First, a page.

# 5.12: Answer Key- Analyzing Arguments

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1. pathos
2. ethos
3. logos
4. logos
5. pathos
6. ethos

## 5.6: Identifying and Using Logos

### Practice with syllogisms

1. regulate those factories or ensure that workers are being paid fairly
2. boycott
3. clean air or reducing air pollution

### Finding deductive logic in a text

• Minor premise: Studies show that people are not good at remembering information that shows they are making unethical choices.
• Conclusion: Therefore, marketers and consumers should use strategies that do not depend on people remembering bad information about products.

or

• Major premise: Shoppers who consider themselves moral must either 1) not buy an ethically bad product or 2) not know the product is ethically bad.
• Minor premise: Shoppers are unwilling or unable to stop buying ethically bad products.
• Conclusion: Therefore, they forget what they know about the product being ethically bad.

or

• Major premise: People experience discomfort when their actions do not match their values.
• Minor premise: Shoppers often take actions that oppose their own values, because they really want the clothing, and it is hard to find products that are ethically made.
• Conclusion: Therefore, they forget the information about the unethical production as a strategy to ease their discomfort.

## 5.7: Finding and Refuting Logical Fallacies

### Identifying logical fallacies

1. bandwagon/appeal to popularity
2. appeal to false authority
5. slippery slope
6. circular reasoning/begging the question
7. false analogy
8. anecdotal evidence/hasty generalization
9. false cause/post hoc
10. straw man
11. false dilemma/false dichotomy
12. appeal to emotion

## 5.8: Writing Concession and Counterargument

### Concession/counterargument in action

Despite the clear injustices of garment production, [This phrase connects the paragraph to the ideas that came before it in the essay. Despite signals a change in perspective is coming after the next comma.]

some argue that the fashion industry provides work to people with few better choices in developing countries. [states the other perspective]

Granted, moving textile production from the U.S. to developing countries created many jobs in areas with struggling economies. [concedes that the other point has some truth to it; Granted is a special connecting word that signals concession.]

According to reporter Stephanie Vatz, companies began outsourcing clothing manufacturing jobs in the 1970s, and by 2013, only two percent of clothing was made in the U.S. [provides text evidence/specific support to explain the previous sentence]

The same lack of labor protections that allow terrible working conditions in developing countries also guarantee low labor costs that motivate U.S. companies to relocate their factory sources. [explains the relationship between the two processes]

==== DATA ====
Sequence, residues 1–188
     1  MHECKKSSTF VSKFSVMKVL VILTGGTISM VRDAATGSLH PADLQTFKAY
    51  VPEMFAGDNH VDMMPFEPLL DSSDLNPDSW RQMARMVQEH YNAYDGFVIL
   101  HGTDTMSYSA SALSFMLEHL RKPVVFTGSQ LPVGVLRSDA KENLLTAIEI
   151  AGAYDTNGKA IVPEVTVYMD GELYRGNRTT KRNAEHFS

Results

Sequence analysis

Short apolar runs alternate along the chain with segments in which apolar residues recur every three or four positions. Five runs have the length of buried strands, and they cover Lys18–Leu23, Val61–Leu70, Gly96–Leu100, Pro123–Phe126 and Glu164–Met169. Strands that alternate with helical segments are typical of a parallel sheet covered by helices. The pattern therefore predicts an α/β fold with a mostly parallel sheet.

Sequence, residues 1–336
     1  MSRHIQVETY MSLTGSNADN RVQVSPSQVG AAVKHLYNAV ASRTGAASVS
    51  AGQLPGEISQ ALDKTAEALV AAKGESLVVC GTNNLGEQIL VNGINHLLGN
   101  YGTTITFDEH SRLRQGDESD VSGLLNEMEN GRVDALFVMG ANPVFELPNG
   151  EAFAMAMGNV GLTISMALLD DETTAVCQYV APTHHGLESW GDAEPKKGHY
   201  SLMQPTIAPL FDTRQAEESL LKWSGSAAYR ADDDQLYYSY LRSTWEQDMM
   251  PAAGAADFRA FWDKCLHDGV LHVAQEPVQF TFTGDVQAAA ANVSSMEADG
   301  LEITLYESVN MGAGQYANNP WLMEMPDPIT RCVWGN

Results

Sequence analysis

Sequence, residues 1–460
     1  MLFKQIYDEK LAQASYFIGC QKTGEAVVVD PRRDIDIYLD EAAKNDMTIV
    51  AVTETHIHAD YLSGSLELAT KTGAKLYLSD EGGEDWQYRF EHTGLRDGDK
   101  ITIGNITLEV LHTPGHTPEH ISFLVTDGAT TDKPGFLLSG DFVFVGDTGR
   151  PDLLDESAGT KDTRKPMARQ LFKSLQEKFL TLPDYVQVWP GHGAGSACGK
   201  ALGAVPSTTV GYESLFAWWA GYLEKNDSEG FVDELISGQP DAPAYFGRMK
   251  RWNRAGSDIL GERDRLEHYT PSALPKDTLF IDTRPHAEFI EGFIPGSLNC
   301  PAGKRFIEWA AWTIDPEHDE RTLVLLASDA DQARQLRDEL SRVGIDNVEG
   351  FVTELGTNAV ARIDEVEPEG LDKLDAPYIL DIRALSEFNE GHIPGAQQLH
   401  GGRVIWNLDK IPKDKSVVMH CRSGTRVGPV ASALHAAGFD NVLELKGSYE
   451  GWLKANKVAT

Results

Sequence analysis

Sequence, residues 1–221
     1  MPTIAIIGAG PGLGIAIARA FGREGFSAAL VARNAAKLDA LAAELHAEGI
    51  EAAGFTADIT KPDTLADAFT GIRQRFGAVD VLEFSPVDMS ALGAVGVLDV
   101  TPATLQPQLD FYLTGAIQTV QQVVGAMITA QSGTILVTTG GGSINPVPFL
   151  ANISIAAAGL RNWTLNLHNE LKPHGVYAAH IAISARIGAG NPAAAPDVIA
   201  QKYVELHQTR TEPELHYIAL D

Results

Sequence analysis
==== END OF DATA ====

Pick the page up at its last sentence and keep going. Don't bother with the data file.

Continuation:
Benjamin Powell, the director of the Free Market Institute, justifies sweatshop labor, insisting that this model is "part of the process that raises living standards and leads to better working conditions and development over time (qtd. in Ozdamar-Ertekin 3). [provides text evidence/specific to support the other perspective]

This argument is compelling from a distance, [concession]

but even if [signal that a shift is coming up next] it may be true to some degree when we look at the history of economic development, [still concession]

it disregards the humanity of the garment workers. [counterargument]

These people continue to work long hours in brutal conditions, generating huge profits for the factory and retail owners. Saying that their lives could be even worse without this exploitation is actually just an excuse for greed. [explanation]

## 5.9: Hedging

### Noticing hedging language

Examples of hedging language are in [brackets]:

#### Unethical amnesia

We wanted to learn what consumers would do if they had to face the truth. [Perhaps] they [might] just forget that truth. After all, memory is not a [particularly]  accurate recording device. For example, recent psychological research [suggests] that people experience “unethical amnesia” – a [tendency] to forget when they have behaved unethically in the past. So would shoppers also prefer to forget when a company exploits workers or engages in other unethical actions? We predicted that they would.

In a series of studies described in an article published in the Journal of Consumer Research, we explored why consumers’ memories [might]  fail them when it comes to recalling whether products are ethical. It turns out that there is a predictable pattern for what consumers are [likely to]  remember (or forget) about the ethicality of products.

[In general,] we found that consumers are worse at remembering bad ethical information about a product, such as that it was produced with child labor or in a polluting manner, than they are at remembering good ethical information—such as that it was made with good labor practices and without much pollution. Our findings [should] trouble the many companies now vying for the ethical consumerism market and the people who buy those products.

## 5.10: Language Toolkit

### Argumentation terms review

1. consistent
2. valid
3. findings
4. controversial
5. factor